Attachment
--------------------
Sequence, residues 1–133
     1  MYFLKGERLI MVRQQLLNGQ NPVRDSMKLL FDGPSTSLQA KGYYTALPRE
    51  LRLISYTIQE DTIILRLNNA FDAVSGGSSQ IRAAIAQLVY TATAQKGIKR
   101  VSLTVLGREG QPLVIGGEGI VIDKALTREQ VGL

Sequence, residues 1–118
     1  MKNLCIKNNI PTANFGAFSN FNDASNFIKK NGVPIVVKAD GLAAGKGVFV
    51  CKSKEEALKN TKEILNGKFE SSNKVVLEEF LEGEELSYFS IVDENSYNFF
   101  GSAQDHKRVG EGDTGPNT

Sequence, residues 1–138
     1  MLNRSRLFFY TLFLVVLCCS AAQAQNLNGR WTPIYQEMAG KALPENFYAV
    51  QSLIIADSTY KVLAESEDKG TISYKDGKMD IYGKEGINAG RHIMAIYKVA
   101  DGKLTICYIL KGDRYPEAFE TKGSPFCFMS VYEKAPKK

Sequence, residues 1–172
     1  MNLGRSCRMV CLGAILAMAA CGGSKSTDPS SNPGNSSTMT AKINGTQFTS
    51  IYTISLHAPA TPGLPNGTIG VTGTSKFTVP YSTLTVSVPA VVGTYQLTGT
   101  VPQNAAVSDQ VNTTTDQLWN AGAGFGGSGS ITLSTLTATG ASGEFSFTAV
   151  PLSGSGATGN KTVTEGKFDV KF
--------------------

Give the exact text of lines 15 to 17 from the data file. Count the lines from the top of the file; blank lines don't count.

    51  IYTISLHAPA TPGLPNGTIG VTGTSKFTVP YSTLTVSVPA VVGTYQLTGT
   101  VPQNAAVSDQ VNTTTDQLWN AGAGFGGSGS ITLSTLTATG ASGEFSFTAV
   151  PLSGSGATGN KTVTEGKFDV KF